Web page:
Magazine article Editor & Publisher

Front-End Systems Vendors Coping: Atex, CText Modify Pact; SII Rings Up Late Orders, Launches SII Global Net

Magazine article Editor & Publisher

Front-End Systems Vendors Coping: Atex, CText Modify Pact; SII Rings Up Late Orders, Launches SII Global Net

Article excerpt

In the third year of an industry downturn, front-end systems vendors CText Inc. and System Integrators Inc. say they managed to pull through 1992 with several new orders coming their way.

Like most of their competitors, both vendors saw work forces shrink and executives depart in the course of the recession. Like some others during the period, the two began pushing out of their longtime market segments: CText into larger newspapers and SII into smaller ones.

In addition to their own applications development, to design for other market segments, both firms make use of technology from Tandem Computers Inc.

One system manager noted that, if a power line is pulled or a disc drive is yanked, the Tandem "doesn't care" and the user "doesn't notice."

A new Tandem CPU allowed SII to create a system version appropriate for "midrange" newspapers. In fact, the latest order for its new System/55 XR came from what is probably its smallest new customer in years, a 17,000-circulation daily.

CText also adopted Tandem machines as central processors for its Dateline editorial system, developed for the large Chicago Tribune but adaptable for, and now installing at, much smaller dailies.

Similarly, both companies are moving with other networked OS/2-based systems. SII's CoyoteMTX, which connects to a Tandem, will also function independently on its own subnet. CText's PC-only version of Dateline may rely on a network version of Sybase database management and dispense with a Tandem as central database server. (In addition, the database on another version may reside on an IBM RS6000.)

Five more orders

For SII, fiscal 1992 "was definitely flat .... We were hoping for some stuff that fell through the cracks," said spokesman Roger Peterson. Nevertheless, while the company "didn't have as good a year as we thought," he added that "on the last day a lot of stuff came through."

Recent business came from the Denton (Texas) Record-Chronicle (System/55 XR), the Nashville JOA (a large RISC system sale), the Singapore Straits Times (upgrade with RISC processor, news and classified pagination, with Page:db database), Australia's Canberra Times (RISC-based system with Interactive News Layout) and Oklahoma Publishing Co. (SCOOP centralized PostScript output control).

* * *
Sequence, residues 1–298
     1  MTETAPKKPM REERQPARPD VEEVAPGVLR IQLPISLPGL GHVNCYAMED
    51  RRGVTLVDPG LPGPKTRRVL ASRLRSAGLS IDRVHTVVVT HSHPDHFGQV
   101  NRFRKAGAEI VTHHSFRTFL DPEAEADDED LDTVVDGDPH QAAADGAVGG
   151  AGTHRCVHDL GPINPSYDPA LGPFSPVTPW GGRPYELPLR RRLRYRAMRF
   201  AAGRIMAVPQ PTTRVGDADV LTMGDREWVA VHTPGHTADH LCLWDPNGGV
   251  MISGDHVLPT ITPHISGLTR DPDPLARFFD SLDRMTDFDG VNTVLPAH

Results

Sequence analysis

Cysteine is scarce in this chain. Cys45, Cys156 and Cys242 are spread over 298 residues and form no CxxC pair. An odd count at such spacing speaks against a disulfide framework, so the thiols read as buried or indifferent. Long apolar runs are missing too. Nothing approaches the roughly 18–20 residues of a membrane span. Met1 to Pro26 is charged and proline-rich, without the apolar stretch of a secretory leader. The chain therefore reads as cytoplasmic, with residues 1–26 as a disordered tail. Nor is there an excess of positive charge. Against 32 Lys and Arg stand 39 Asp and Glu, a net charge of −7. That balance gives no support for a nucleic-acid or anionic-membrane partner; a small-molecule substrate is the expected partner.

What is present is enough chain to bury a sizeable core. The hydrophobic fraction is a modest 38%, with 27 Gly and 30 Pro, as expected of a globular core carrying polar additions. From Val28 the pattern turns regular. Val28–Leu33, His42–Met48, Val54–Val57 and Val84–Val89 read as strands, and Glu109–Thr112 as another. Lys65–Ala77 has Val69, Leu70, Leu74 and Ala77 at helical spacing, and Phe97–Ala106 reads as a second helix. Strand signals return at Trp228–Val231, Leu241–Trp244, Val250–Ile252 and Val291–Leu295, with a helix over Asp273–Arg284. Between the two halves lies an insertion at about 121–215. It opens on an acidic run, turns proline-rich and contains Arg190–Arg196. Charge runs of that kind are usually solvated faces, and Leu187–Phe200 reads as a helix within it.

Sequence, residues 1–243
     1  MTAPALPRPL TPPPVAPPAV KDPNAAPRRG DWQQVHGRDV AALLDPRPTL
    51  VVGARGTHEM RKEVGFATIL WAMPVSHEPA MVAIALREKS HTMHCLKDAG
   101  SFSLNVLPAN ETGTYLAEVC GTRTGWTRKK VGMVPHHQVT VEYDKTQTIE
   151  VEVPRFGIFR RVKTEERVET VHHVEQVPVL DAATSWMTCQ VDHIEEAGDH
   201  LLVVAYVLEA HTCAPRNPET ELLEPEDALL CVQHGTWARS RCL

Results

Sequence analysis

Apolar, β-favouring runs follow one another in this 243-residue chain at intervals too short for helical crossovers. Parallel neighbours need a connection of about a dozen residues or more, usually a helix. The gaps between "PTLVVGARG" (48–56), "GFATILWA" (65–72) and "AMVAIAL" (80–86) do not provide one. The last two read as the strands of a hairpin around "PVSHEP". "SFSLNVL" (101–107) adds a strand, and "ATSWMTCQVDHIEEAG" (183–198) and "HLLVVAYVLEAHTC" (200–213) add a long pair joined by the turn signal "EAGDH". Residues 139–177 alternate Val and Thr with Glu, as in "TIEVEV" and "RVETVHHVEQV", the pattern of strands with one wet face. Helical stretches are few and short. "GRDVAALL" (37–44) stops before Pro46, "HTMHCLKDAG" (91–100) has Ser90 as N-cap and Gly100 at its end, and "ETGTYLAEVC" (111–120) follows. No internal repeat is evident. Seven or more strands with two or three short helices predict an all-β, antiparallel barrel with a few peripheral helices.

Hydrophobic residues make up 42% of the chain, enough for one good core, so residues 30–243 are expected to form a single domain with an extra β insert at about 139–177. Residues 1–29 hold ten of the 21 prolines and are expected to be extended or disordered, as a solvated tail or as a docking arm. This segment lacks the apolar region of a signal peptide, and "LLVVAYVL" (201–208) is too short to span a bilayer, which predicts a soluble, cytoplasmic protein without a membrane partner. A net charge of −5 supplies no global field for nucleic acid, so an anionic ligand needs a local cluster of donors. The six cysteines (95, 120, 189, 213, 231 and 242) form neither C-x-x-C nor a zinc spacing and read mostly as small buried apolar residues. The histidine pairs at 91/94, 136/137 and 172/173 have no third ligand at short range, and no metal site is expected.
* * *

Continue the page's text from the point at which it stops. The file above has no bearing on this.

Peterson reported that the last two orders came in at the eleventh hour - Sept. 30, the last day of the firm's fiscal year.

For OPUBCO's move from text-and-rule pagination to full-page output using Macintoshes for images, Peterson said that the Mac/55 link to the Tandem is installed but not yet processing all graphics through INL. By October, SCOOP (E&P, June 20) had just been installed, and SII was "working to get the graphics portion on line so we can have complete output."

In the meantime, the Los Angeles Times delayed vendor selection for a new classified ad system. However, while the Times represents a large order, Peterson said that a decision would not have affected the fiscal year just passed, or even the next, in all probability.

All the same, the Times did get SII's fiscal '93 off to an early start three weeks later with $600,000 in other business during Europe's annual IFRA Congress and Exposition. The series of contracts included a link to its electronic news library system, expansion of its editorial system, and some consulting work.

While waiting like everyone else for some movement in the North American market, Peterson said SII sees more opening in Australia and Europe, both west and east (SII was invited to attend a conference of Polish newspaper publishers slated for last week).

It also established a relationship with a newspaper systems consultant in South Africa. "It looks pretty promising there," said Peterson.

Service central

The latest move by SII is to replace local subsidiaries' assistance with centralized customer service and support. …

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